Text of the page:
NHS Blood and Transplant instrumental in bringing all three to life.
Blood donors can soon use their time in the donation chair to let people know they are saving lives – using a new blood drop emoji.
The long-awaited red blood drop, which was a successful submission* to Unicode from NHS Blood and Transplant along with Plan International UK, is on the list of the new symbol-based text due to hit smartphone keyboards in the spring – and NHS Blood and Transplant’s Social Media Manager was instrumental in bringing it to life.
Blood donors often take to social media in their droves to let their followers know they are giving blood in the hope it will encourage others to follow suit, so it’s hoped this emoji will help reinforce the message.
Melissa Thermidor, Social Media Manager at NHS Blood and Transplant had the initial idea for the blood drop emoji and jointly drafted the proposals for this – along with the stethoscope and the plaster as she wanted to make the medical emoji’s more varied and inclusive on keyboards. She said:
“According to the World Health Organisation, 112 million units of blood are collected globally every year and the addition of the blood drop emoji will be a great way for donors and transfusion recipients to spread awareness of the need for blood. The use of emoji has become widespread globally and this a great step forward to continue to help save and improve lives. We hope the blood drop will give a visual message about donating blood to save lives.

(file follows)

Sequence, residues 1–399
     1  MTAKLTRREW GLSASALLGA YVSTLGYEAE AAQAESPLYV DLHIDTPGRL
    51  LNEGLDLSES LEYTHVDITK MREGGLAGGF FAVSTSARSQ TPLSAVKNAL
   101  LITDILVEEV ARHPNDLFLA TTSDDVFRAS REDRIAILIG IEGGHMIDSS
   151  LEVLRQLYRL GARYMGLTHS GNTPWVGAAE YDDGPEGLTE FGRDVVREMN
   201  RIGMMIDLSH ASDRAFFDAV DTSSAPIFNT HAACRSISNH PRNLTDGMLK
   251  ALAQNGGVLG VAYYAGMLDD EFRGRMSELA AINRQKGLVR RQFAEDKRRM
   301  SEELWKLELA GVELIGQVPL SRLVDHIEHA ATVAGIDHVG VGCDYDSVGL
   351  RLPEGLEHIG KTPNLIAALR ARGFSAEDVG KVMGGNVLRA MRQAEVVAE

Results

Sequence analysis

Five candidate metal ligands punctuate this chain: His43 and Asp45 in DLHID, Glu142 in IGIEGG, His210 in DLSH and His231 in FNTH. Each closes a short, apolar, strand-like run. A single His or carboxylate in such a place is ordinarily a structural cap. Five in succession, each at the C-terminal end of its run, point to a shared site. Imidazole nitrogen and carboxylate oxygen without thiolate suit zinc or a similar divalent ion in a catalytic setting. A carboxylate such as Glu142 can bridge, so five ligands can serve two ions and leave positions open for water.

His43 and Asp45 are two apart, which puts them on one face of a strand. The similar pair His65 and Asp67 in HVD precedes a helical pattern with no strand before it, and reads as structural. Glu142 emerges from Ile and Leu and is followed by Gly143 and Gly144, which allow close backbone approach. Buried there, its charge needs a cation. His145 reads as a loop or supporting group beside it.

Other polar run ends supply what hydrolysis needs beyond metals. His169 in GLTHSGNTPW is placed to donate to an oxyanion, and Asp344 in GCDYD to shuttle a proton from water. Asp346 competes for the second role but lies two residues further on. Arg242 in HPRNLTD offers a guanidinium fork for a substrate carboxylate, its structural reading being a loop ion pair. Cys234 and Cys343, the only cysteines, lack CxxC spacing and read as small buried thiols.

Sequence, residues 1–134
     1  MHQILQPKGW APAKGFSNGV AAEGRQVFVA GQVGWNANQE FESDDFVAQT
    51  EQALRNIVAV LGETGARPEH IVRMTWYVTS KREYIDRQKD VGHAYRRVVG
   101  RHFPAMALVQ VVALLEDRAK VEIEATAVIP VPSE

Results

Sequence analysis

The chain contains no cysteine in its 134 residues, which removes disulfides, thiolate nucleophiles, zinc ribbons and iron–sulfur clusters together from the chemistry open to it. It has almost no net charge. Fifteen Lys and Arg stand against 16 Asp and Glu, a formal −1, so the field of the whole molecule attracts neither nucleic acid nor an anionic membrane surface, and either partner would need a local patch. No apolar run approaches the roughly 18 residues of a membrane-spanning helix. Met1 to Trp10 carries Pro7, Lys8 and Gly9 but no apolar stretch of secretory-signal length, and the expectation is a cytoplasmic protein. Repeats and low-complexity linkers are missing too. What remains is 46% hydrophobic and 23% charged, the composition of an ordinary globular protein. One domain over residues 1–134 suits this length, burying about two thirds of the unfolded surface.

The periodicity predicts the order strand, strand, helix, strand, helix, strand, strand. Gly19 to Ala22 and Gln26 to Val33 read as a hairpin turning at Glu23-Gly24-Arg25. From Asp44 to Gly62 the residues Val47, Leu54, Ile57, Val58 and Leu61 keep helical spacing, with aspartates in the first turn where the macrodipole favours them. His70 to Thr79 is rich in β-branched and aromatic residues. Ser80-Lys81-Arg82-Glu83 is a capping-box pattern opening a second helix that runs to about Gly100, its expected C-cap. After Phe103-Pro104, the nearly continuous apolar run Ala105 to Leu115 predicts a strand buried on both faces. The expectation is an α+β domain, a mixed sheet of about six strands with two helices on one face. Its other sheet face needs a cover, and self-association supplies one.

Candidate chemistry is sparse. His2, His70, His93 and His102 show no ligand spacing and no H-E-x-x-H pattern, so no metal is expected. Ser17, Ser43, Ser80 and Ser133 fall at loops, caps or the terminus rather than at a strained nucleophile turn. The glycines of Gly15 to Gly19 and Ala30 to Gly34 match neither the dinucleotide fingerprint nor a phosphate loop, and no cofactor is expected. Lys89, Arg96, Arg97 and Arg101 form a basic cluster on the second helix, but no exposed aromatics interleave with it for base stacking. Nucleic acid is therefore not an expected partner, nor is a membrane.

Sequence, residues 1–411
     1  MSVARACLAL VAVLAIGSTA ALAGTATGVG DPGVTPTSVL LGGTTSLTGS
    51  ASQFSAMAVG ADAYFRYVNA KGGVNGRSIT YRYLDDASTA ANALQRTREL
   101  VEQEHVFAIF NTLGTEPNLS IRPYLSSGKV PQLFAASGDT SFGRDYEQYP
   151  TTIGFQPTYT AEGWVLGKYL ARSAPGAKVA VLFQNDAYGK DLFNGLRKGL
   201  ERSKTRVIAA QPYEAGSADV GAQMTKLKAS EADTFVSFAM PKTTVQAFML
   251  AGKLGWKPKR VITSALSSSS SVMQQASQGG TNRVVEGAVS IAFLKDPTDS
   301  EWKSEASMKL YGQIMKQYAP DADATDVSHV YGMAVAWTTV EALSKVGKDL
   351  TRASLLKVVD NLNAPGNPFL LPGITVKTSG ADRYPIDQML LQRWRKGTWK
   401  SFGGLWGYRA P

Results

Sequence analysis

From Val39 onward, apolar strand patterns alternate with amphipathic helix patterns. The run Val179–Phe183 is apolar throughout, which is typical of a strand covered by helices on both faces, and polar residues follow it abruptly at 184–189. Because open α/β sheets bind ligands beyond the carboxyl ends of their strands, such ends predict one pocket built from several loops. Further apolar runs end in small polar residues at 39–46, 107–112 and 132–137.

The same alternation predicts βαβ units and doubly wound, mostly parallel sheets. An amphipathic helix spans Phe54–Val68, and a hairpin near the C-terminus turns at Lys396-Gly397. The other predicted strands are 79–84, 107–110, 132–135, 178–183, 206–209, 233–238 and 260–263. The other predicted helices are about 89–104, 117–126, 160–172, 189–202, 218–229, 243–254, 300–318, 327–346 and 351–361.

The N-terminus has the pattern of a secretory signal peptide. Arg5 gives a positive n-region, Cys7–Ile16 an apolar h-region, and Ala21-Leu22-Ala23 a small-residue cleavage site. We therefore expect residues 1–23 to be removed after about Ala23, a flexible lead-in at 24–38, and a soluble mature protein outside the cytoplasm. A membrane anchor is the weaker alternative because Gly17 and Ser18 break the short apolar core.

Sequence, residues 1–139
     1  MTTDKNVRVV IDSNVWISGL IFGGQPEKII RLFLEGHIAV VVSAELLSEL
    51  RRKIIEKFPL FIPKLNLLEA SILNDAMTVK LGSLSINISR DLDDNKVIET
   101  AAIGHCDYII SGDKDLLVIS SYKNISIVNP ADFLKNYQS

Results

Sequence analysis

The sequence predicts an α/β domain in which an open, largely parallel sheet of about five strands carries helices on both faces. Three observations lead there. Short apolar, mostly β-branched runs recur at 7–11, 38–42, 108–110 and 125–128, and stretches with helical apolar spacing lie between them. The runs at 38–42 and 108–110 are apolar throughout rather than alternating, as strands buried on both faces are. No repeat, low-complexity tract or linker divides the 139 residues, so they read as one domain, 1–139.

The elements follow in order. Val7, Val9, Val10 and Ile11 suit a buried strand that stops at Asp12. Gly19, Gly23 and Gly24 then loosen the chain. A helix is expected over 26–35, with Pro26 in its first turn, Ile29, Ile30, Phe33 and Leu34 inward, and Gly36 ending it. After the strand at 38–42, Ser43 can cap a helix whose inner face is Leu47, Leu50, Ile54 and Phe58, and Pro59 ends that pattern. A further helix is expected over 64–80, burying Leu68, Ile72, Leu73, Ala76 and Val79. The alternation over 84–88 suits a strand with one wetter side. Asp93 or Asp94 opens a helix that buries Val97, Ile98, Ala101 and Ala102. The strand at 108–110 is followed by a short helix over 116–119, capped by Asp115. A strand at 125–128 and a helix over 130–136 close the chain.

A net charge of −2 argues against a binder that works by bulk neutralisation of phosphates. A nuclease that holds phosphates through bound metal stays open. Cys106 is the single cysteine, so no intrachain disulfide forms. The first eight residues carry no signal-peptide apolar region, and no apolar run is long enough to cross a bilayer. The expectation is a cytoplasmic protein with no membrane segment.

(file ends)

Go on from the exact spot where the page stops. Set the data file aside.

“What better way to spread the word across our social channels than the identity of the drop of blood which is synonymous in many people’s minds with the act of donating blood.”
Hospitals across England need nearly 6,000 blood donations every day to treat patients in emergency situations or with ongoing treatment for things like blood disorders, cancers or during childbirth. NHS Blood and Transplant need to recruit almost 200,000 new donors every year to replace those who can no longer donate.
Emoji’s have become part of everyday interaction on social media and in text messages, so it’s hoped that those loyal donors who like spreading the word will do it using the new blood drop.
Unicode – the California-based organisation that manages the distribution of emoji’s – has confirmed that the blood-drop shaped emoticon will be made available worldwide this spring.
*You can see the blood drop submission proposal here.
Source: NHS Blood and Transport